The Pentagon awarded the contract to Boeing last November to develop the F-15QA, which it has described as the most advanced version of the jet to date.
"The relationship the United States shares with Qatar is critical to the stability and security of the central command area of responsibility, and we are grateful for our coalition partner's continued focus on building interoperability and combined readiness," Lt. Gen. Greg Guillot, commander of 9th Air Force, said in the statement.
The announcement touted the F-15QA's technological enhancements that improve its speed, range and payload. The upgrades include fly-by-wire flight controls, an all-glass digital cockpit, contemporary sensors, radar and electronic warfare capabilities.
The aircraft will also include a range of weapons, such as the AIM-9X Sidewinder, AGM-84 Harpoon anti-ship missile, AGM-88 HARM high-speed anti-radiation missile, reports Military Leak.
The first delivery will include six F-15QA jets, with its entire fleet expected to be fully operational by 2023.
After the F-15QA jets are delivered, Boeing said it will provide logistics support and operate an aircrew and maintenance training center for the Qatar Emiri Air Force at Al Udeid Air Base through 2024.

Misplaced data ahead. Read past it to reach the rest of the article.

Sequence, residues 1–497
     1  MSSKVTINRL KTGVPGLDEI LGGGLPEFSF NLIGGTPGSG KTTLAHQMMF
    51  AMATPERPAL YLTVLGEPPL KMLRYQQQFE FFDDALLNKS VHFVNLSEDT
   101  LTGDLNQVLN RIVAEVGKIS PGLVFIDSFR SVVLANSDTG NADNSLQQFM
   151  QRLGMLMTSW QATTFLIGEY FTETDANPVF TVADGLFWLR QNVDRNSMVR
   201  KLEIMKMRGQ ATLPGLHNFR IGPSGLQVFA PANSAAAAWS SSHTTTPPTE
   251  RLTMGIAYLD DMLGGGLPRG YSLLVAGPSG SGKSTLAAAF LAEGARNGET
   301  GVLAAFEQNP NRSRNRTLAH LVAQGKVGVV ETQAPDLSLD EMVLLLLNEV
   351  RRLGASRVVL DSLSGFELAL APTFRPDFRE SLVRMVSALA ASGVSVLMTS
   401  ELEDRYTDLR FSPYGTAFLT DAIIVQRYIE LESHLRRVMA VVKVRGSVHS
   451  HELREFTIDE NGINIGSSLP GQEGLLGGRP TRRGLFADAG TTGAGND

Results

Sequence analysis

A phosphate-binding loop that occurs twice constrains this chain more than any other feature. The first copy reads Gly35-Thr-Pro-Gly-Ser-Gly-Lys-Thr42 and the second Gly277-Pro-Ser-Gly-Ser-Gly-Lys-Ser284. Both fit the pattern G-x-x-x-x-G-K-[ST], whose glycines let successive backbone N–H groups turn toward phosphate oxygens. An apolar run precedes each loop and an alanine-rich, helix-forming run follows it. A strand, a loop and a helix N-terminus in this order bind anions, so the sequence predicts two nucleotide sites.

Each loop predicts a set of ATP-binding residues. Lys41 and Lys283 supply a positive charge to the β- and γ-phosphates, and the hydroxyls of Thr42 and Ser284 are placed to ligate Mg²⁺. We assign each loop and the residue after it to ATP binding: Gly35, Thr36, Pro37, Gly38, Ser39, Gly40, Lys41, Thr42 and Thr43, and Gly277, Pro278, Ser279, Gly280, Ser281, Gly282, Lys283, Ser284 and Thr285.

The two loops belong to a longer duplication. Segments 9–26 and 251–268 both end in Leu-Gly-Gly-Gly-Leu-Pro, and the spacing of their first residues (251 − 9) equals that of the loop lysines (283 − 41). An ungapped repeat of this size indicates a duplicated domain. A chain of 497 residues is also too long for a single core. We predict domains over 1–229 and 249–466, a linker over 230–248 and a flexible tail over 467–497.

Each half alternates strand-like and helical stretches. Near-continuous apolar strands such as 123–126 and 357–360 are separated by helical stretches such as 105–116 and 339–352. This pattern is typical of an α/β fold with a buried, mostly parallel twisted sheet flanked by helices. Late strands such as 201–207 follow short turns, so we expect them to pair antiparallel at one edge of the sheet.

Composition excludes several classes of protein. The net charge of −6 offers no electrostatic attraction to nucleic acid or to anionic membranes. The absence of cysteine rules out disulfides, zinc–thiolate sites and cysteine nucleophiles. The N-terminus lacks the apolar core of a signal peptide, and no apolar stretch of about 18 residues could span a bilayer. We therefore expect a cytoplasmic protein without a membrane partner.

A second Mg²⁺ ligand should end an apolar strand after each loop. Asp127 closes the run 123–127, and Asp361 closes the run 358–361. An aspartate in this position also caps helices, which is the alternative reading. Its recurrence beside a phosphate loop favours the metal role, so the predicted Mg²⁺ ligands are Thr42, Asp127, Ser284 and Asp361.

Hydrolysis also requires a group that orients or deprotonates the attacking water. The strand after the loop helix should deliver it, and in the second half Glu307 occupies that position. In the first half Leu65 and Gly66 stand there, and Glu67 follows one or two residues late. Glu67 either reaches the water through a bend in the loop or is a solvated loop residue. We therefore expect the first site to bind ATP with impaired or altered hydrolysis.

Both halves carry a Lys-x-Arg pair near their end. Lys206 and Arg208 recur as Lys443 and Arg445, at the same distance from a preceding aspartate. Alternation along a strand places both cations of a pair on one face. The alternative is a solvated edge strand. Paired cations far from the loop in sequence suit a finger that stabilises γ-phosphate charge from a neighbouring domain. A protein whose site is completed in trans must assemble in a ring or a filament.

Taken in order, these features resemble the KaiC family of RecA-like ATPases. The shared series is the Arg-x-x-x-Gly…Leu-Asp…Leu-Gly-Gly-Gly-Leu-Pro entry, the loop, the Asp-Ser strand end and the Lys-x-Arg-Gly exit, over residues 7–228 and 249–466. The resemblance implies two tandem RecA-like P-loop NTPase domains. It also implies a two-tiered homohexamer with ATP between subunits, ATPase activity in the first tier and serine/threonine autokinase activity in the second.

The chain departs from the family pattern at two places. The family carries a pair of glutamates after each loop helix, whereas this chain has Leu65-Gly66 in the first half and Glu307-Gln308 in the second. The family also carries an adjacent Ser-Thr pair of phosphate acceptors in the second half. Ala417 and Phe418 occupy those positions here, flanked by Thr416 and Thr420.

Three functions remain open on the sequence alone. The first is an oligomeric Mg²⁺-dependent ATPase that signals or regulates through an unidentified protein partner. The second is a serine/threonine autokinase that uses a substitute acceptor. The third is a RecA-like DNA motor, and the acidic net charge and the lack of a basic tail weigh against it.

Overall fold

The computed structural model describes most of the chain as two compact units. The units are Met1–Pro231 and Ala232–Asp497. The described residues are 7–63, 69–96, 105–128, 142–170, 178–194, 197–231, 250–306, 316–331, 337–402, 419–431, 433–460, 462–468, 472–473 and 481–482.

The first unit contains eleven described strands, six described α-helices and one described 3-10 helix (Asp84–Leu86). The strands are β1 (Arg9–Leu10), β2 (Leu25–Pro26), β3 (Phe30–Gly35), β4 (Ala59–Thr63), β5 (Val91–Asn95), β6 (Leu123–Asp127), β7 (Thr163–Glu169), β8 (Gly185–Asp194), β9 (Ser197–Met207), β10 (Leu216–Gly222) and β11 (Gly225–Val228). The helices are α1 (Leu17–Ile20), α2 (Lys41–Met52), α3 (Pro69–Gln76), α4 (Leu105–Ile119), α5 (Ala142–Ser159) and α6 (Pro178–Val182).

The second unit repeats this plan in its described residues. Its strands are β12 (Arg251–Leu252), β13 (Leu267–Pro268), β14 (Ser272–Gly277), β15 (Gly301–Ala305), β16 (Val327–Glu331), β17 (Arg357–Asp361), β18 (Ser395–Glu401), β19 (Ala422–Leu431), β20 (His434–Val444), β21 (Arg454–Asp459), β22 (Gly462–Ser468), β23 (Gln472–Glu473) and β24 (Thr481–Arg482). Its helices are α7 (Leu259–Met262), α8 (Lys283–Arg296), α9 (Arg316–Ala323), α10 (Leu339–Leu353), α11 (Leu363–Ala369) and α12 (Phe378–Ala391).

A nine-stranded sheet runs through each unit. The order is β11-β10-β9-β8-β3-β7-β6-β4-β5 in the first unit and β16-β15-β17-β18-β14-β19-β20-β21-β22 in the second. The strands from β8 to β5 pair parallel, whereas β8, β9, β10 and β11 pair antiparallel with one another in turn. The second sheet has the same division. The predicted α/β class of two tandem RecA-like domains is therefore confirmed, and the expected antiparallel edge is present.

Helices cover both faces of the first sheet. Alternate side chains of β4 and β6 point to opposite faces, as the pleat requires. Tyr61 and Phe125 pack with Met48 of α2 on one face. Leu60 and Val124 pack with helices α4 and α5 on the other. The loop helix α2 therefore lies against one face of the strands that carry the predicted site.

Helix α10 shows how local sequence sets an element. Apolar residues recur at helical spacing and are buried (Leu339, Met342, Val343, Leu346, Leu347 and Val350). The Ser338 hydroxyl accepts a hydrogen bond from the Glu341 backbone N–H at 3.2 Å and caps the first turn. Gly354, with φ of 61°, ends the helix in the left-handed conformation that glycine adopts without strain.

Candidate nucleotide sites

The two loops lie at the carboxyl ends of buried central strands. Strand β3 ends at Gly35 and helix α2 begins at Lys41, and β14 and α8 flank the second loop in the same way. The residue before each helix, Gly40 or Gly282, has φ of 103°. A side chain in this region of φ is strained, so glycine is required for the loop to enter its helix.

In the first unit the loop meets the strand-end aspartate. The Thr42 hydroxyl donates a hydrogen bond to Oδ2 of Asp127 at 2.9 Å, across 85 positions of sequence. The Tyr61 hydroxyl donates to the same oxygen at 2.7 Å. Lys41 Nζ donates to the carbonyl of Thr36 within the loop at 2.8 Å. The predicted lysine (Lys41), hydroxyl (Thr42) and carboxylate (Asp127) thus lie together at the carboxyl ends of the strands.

The Pentagon last year announced that Boeing has received a $240 million five-year contract for the F-15QA program.
The company was also awarded another $68 million for maintenance and logistics in support of Qatar's F-15 program. Boeing completed the first successful flight of the aircraft in April last year.
The F-15QA will form the basis of the even more advanced F-15EX "Eagle II."
In 2017, the Pentagon awarded Boeing a $6.2 billion contract to manufacture 36 of the F-15EX jets. The U.S. Air Force is expecting to obtain 144 F-15EX aircraft, the first of which it received in March.
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